As a parent I would be livid that my child was allowed to be bitten that many times.

That is NOT a child behavior issue (frustration, verbal issues, sharing etc) IT IS A SUPERVISION issue and that is where my anger would be directed.

If you DD likes the center and feels they aren't doing enough I would go to the Director and find out why this child has been allowed to bit so many times. Yes, I said "allowed" because once, maybe twice is sometimes unavoidable but 9+ times?!
This center seems to have some issues with supervision if 9 is truly the number.

If this were my center, the biter would have been terminated by now. I would also be fearful of the victim's parents filing a report that my center failed to keep their child safe.

I am sorry for your grand daughter....no one deserves that for ANY reason. I truly hope this center learns from this.

I also hope your daughter is able to find a resolution.
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Old 07-06-2017, 07:19 AM
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Thanks, Black Cat. She truly believes that this is a supervision issue, which is why she is so angry that it isn't being taken more seriously. I think the reason that they haven't moved her sooner is twofold... she has a new baby brother, just moved to a new city, in a new house, and a new daycare, then she moved to a new classroom in the daycare, it's a lot of change for a little kid. And secondly, she honestly believed that they would act on this and not just ignore it with a "kids will be kids" attitude. The number of episodes is accurate (she insisted on copies of all of the incident reports this morning).
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Old 07-06-2017, 08:46 AM
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We have had this exact same problem at our daycare that I work at, we blamed it on our director because she let it go for so long because NOTHING was done. We wrote reports to both the biter and the victim and even said we would term but nothing become of it. So now since our director has left, no biting has occurred since
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Old 07-06-2017, 10:06 AM
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The director probably wants the issue to be on the teachers alone and doesn't want to step on people's toes, but this is a safety thing. After the 2nd incident, a behavior plan should've been created for both the victim and the biter, effective immediately.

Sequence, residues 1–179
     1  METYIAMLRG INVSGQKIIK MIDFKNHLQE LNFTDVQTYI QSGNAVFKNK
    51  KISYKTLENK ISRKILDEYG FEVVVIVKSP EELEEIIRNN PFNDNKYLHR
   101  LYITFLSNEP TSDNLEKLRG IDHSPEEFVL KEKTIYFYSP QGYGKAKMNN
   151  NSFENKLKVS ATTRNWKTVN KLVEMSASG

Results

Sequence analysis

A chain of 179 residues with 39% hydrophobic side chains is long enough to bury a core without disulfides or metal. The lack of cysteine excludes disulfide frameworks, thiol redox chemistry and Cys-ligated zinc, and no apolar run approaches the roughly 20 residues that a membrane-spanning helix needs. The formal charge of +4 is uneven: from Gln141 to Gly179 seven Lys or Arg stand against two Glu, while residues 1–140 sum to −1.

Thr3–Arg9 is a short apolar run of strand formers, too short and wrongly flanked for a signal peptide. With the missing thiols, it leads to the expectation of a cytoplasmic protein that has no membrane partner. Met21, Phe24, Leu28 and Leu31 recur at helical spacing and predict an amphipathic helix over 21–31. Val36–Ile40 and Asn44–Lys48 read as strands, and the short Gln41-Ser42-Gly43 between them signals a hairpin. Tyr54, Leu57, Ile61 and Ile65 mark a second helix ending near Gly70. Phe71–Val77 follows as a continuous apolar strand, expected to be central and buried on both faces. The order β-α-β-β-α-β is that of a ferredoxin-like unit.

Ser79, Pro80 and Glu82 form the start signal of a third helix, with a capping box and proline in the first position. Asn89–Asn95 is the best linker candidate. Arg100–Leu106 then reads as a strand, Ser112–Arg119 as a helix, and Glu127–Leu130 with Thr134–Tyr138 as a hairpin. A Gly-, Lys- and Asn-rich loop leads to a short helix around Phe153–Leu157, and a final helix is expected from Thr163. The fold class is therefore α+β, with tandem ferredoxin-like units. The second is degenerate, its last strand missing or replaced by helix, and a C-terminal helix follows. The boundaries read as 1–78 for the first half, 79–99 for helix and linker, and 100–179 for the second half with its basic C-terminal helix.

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Old 07-06-2017, 11:39 AM
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UPDATE: My daughter talked to one of the other daycare facilities in her area. She visited there at lunchtime. They are closer to her house. They use the same curriculum. The staff to child ratio is 6:1 for the preschool room (and 4:1 for the infants). They are $400 a month cheaper for the 2 kids. They have an opening for each of them and can start on Monday. AND they have a biting protocol already in place!

Even better- she just got a call from the problem daycare director- they are kicking my granddaughter out of the program! My daughter told them when she left that she would be looking for a new place for her. So the director called her and said that she "spoke with corporate, and they say that we have handled this situation properly, and that today will be the last day that we will provide care for your daughter." Unbelievable. Keep the biter and throw out the victim. Somehow, I see a call or two to the state being made in the next day or so.
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Old 07-06-2017, 11:44 AM
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UPDATE: My daughter talked to one of the other daycare facilities in her area. She visited there at lunchtime. They are closer to her house. They use the same curriculum. The staff to child ratio is 6:1 for the preschool room (and 4:1 for the infants). They are $400 a month cheaper for the 2 kids. They have an opening for each of them and can start on Monday. AND they have a biting protocol already in place!

Even better- she just got a call from the problem daycare director- they are kicking my granddaughter out of the program! My daughter told them when she left that she would be looking for a new place for her. So the director called her and said that she "spoke with corporate, and they say that we have handled this situation properly, and that today will be the last day that we will provide care for your daughter." Unbelievable. Keep the biter and throw out the victim. Somehow, I see a call or two to the state being made in the next day or so.
Will there be any money issues?

Many times when this type of situation arises, money is the next struggle.

If your daughter perhaps paid for care in advance and will not be using the services paid for or the center says she owes for a notice period?

Just curious as that seems to be the next hand played when it comes to this type of thing.

I am glad your daughter found somewhere else to go but please remember that having a biting protocol won't prevent biting. But it will help when dealing with it. Sadly some day your daughter could find herself the parents of a biter.. the key in my opinion is a working relationship between parent and provider(staff) with lots of open honest communication.
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Old 07-06-2017, 12:00 PM
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No money issues. They pay week to week, and the director said that they would refund her money for tomorrow.

We all understand that a biting protocol won't prevent biting. But at least they have a plan in place if it happens again. And are willing to share that plan with the parents.
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Old 07-06-2017, 12:42 PM
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What the hell!

I'm so mad for you after reading this. We have had some biting problems, also (not to the extent). I'd be livid if my child's care was taken away because I talked to them about it.